Social media has become a driving force in the way we communicate, promote our businesses, and showcase our personal lives to the billions of people with internet access around the world. Out of all the social media sites, Instagram has given traditional models a new platform to monetize, create a voice, and put a relatable face to the name of a brand, whether promoting their own modeling portfolio or external clients.
Kyla Grandy, 19, who is signed by Ford Models, joined Instagram three years ago. While she became a model after signing up for Instagram, she didn’t use it as a jumping off point for her career. It wasn’t until last year she started using the site to post her modeling photos and get paid for endorsing companies’ products, while some of the brands she’s endorsed include H2Rose, TruSelf Organics, Aline Precious Jewelry, Meiskin, Kulani Kinis and Kapten & Son.
“Working for clients through Instagram is more about the promotion of you and your client,” Grandy said. “Most of my clients through my [modeling] agency are for print work.”
Grandy’s typical day consists of attending photo shoots and castings, along with spending ample time at the gym. She also makes it a priority to take at least one photo a day to post to her Instagram (@kyla.shay), although some days she posts up to three or four. At the moment, Grandy has more than 63.1K followers, and she says the secret to attracting users to click on “follow” is to post about her daily life. “I’ve noticed the more I post about my personal life, where I’m going, what I’m doing, I get more and more followers,” Grandy said.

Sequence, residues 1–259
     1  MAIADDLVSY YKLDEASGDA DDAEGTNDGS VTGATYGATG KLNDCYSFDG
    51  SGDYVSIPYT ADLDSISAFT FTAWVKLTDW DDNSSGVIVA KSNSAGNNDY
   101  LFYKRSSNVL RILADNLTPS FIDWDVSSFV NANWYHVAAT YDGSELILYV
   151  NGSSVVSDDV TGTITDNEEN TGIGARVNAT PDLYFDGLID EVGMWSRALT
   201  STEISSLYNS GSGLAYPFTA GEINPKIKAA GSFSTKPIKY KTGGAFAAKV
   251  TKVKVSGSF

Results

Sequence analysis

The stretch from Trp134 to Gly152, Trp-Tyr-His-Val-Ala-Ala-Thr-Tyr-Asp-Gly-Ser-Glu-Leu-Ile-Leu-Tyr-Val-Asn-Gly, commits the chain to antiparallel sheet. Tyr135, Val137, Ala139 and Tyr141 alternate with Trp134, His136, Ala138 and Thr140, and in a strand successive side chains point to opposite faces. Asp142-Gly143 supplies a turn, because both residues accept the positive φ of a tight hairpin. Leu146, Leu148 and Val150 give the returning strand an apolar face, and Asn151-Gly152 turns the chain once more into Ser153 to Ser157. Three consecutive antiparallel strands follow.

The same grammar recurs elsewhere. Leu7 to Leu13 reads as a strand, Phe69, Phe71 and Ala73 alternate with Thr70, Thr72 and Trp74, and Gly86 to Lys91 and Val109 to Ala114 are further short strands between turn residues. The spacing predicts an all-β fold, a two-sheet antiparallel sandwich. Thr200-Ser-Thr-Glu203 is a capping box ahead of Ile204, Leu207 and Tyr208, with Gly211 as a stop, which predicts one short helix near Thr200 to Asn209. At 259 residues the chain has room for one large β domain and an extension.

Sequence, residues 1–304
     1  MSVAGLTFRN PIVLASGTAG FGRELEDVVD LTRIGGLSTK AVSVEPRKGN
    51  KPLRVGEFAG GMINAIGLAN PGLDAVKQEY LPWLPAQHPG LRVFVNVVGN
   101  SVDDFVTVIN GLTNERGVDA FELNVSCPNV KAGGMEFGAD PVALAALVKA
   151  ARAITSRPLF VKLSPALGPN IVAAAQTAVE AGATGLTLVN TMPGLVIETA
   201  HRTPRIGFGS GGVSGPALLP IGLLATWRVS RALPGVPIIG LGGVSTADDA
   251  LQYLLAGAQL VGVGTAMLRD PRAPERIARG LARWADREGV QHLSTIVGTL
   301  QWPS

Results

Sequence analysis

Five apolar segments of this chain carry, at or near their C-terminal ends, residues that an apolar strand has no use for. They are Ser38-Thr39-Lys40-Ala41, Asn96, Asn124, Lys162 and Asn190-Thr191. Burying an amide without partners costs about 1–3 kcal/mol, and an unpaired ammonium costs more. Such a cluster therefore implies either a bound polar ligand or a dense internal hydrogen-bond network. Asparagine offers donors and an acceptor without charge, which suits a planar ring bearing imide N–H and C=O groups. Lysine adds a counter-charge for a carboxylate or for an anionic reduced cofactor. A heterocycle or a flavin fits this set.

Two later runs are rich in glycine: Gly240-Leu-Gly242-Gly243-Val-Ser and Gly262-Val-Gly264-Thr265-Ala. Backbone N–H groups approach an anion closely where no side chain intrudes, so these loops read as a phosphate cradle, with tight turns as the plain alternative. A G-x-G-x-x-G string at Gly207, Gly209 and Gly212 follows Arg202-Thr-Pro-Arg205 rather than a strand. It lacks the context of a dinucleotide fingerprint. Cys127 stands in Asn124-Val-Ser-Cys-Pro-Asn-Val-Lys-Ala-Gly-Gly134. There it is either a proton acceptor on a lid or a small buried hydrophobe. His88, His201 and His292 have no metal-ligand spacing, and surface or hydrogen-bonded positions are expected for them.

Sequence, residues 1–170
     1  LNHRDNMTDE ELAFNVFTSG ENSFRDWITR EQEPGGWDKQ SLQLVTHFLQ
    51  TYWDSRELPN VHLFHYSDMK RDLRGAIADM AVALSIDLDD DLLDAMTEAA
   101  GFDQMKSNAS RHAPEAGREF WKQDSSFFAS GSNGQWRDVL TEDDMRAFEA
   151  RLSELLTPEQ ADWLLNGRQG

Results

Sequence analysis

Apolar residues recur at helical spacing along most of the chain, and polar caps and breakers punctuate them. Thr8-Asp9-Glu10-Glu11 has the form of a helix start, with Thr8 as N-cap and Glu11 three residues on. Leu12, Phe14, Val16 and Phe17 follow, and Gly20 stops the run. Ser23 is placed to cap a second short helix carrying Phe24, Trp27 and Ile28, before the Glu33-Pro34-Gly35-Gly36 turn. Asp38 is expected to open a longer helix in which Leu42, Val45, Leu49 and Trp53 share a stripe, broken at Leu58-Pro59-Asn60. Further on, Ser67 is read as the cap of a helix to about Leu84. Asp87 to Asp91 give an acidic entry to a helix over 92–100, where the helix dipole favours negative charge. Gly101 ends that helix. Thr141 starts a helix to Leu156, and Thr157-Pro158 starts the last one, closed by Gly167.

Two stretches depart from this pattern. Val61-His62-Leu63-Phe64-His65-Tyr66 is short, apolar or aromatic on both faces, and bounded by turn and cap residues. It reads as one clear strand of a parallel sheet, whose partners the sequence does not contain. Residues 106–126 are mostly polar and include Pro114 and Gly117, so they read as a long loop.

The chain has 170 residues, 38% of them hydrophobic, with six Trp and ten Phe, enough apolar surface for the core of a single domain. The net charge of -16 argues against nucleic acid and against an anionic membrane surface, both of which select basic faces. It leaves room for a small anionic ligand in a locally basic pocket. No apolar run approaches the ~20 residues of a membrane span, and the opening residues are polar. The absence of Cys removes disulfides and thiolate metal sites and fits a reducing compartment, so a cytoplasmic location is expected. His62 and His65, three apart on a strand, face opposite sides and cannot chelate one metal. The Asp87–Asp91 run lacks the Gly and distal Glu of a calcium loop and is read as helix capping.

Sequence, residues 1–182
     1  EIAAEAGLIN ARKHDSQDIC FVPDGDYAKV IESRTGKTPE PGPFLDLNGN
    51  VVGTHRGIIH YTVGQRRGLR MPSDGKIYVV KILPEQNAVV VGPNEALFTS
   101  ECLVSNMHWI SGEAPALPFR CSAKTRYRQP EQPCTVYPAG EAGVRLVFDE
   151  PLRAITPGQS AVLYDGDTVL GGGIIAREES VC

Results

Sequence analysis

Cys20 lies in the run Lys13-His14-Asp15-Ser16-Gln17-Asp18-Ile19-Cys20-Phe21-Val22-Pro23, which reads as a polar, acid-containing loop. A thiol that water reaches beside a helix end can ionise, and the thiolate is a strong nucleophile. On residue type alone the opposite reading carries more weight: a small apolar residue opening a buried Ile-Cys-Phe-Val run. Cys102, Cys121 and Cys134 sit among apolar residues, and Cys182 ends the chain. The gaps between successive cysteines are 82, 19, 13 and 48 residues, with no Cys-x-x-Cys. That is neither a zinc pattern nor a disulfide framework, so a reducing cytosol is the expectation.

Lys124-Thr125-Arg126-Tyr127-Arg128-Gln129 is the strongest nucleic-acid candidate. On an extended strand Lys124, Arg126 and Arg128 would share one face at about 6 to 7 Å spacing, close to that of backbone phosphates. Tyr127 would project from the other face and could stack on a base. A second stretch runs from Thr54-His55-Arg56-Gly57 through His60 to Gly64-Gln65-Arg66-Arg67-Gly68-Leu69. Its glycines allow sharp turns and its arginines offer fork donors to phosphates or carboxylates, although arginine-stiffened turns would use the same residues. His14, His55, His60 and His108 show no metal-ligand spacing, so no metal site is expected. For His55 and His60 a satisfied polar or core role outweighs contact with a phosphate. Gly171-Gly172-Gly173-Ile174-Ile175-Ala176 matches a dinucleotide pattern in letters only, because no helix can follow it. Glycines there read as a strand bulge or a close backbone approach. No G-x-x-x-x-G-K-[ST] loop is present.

Grandy agrees it’s possible to make a living off of just Instagram modeling, but she says most Instagram models have additional endeavors—aside from modeling full-time, she’s about to start work on a new clothing line. “I would recommend having something else that you do,” Grandy said. “Being on your phone all the time can wear on you.”
To avoid getting exhausted from being plugged into social media, Grandy only uses it for about an hour or two each day. There are instances, however, where she goes over this limit, especially if she’s doing a takeover for a client or Snapchatting at a photo shoot.
In recent years, social media has stirred an outcry from the modeling community after 19-year-old Australian model Essena O’Neil made global headlines by publicly quitting Instagram, YouTube, and Tumblr in 2015, saying she wanted to prove that “social media is not real life.” She revealed that many of her photos may have looked effortless, but were really derived from hours of shooting and hundreds of shots. “I was miserable,” she said in a YouTube video. “I spent hours watching perfect girls online, wishing I was them.”
This begs the question of whether platforms like Instagram, more than ever before, are perpetuating unrealistic portrayals of the female body. And unlike other forms of media such as print advertising and television, social content can be viewed, scrutinized, and commented on in perpetuity. On the other hand, though, companies are arguably realizing that unwarranted retouching hurts their message. Even brands such as Pantene, Dove, and Nike have released digital ads intended to empower women.